Increased Understanding of CLL Tumor Biology Unlocks Targeted CAR T-Cell Approaches


Jan Joseph Melenhorst, PhD, emphasizes how research investigating chronic lymphocytic leukemia biology may result in more targeted CAR T-cell products.

J. Joseph Melenhorst, PhD

J. Joseph Melenhorst, PhD

Although nuances in chronic lymphocytic leukemia (CLL) tumor biology drive treatment challenges, identifying the differences in how this disease behaves in the lymph nodes vs the blood may generate increasingly effective CAR T-cell therapies for patients with this disease, according to Jan Joseph Melenhorst, PhD.

“We have uncovered several mechanisms that may help us generate the next generation of CAR T-cell therapies,” said Melenhorst, who is director of Cell Therapy and Immuno-Engineering and the vice chair of Immunotherapy and Precision Immuno-Oncology at Cleveland Clinic in Ohio, in an interview with OncLive® during the 2023 International Workshop on CLL.

In the interview, Melenhorst, who is also a member of the Immune Oncology Program at Case Comprehensive Cancer Center, discussed the evolution of CAR T-cell therapy in CLL, how continued research to better understand disease biology may result in more targeted products, and the importance of tumor cell activation during the administration of this modality.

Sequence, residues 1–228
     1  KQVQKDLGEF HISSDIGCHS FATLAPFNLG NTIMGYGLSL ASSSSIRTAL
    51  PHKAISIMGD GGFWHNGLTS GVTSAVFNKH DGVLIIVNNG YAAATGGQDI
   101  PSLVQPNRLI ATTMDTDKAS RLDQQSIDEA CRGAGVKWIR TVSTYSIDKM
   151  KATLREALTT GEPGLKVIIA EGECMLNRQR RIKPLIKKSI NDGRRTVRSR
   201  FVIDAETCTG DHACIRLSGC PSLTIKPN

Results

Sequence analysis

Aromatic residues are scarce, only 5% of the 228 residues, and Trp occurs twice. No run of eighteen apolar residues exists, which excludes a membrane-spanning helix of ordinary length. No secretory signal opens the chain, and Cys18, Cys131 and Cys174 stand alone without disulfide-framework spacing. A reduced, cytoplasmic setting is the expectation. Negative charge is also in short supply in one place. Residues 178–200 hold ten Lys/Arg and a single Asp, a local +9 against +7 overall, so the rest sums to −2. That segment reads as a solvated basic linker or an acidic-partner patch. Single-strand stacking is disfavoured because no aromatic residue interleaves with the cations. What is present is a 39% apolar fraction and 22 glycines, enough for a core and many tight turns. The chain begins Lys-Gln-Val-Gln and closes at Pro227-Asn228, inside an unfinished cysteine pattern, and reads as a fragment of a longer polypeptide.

OncLive: How might cellular therapies be utilized to overcome T-cell dysfunction in CLL?

Melenhorst: This topic is my area of expertise. I’ve been working on CLL for the past 10-plus years and have made discoveries to help us inform next-generation cell therapies for this disease. One [advance] we [have] made in CLL has been [leveraging] gene-modified patient T cells using CARs, [or CAR T-cell therapies], which have been FDA approved now for several indications.

In CLL, the durable response rates [achieved with CAR T-cell products] are low. The [phase 1/2 TRANSCEND CLL 004] trial [NCT03331198] has shown that 18% of patients [with CLL or small lymphocytic lymphoma (n = 9; 95% CI, 9%-32%; P = .00006)] achieved a complete response [(CR) with lisocabtagene maraleucel (Breyanzi)]. In our studies, we discovered that a big portion of this response can be traced back to the T-cell health status. [That is] an action item or biomarker we discovered. What we have also learned is that response rates [with CAR T-cell therapy] in CLL are largely predictable. By analyzing T cells, we also learned that CLL itself has an anti–immune-refractory function by simply not stimulating enough CAR T cells.

What is the importance of understanding T-cell function in CLL?

[The feasibility of] conducting an immunotherapy trial [in CLL] typically depends much on the function of the [patients’] immune systems [when they receive treatments] such as CAR T-cell therapies. Also, in recent data with bispecific antibodies, we’ve seen that the biology of T cells plays a big role in response rates. Regarding T-cell biology, the question I asked initially, over a decade ago, was: Why [do patients only] have an approximate 25% CR rate, [and why do] most patients not respond at all or respond only transiently? Because [CAR T-cell therapy] uses patients’ own immune cells, their T cells, the low-hanging fruit was to first interrogate these T cells’ function, and that investigation led to [several] discoveries.

How have you seen the CLL treatment paradigm shift over time?